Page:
For over twenty years the United States has consistently been the strongest voice for an open Internet that connects people all around the world. It was not a place for sovereignty and closed borders, the priorities of Russia, China, Iran, and other states scared of how the free flow of information might undermine their regime’s hold on their people. Until last week, that is.
The proliferation of cyber physical systems (CPS) has increasingly enabled cyber actions to have direct kinetic effects on tangible infrastructure, even as cyberspace itself depends on tangible infrastructure vulnerable to kinetic damage.
This report focuses on Russia, a particularly important threat actor to track given their track record of brazen infrastructure attacks. It is almost certain that we will see further attacks from Russia against the infrastructure of other nations. The only uncertainty remaining pertains to what sort of attacks they might be motivated to initiate under what circumstances, and whether we would even know if they had already been accomplished.
Distilling over 25 years working in the fields of cybersecurity and cyberconflict across a multitude of domains including government, corporate, think tank, and academic this article serves as a foundational distillation of observations that can be applied in any organization. In Part Two of the series, we will look at lessons learned and actions that can be executed by management teams to help manage cyber risk.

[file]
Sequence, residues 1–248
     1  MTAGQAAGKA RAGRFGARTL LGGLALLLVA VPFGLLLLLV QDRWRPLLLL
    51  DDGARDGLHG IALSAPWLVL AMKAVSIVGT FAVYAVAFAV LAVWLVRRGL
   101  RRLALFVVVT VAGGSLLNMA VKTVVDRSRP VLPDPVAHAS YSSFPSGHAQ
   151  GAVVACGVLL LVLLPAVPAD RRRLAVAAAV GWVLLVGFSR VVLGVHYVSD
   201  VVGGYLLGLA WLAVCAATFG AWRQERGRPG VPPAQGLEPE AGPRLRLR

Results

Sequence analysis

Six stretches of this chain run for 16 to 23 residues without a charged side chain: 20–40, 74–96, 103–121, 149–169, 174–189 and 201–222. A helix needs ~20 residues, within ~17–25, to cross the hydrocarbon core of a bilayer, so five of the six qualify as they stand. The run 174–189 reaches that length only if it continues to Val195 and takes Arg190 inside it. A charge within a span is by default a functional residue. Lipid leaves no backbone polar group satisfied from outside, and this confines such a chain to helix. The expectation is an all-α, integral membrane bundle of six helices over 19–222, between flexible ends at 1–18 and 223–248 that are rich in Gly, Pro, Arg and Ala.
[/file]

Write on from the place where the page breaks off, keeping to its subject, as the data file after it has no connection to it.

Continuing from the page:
This members only special report captures insights into the capabilities and intent of the Chinese government, with a special focus on the cyber domain.
While Cyber has been a recognized warfare domain for almost ten years, the U.S. is still working to improve information sharing relationships between traditional intelligence entities and cyber operations groups. The problem has been named an “item of special interest” for the DoD and efforts are currently under way to
“Modern technology has outpaced the ability of shared familiar metaphors to describe it. Trying to tie modern threats, executed with code over a global network infrastructure that didn’t exist decades ago, to historical analogies is a perilous activity. Which is why I was perplexed to find a recent instance of
While hosting a delegation from France, Putin advised that to prevent cyber attacks, nations will have to establish international norms prohibiting such behavior. “This is what I can say about cyberattacks or war of words in the press and other issues. Action always causes reaction. Always. If one does not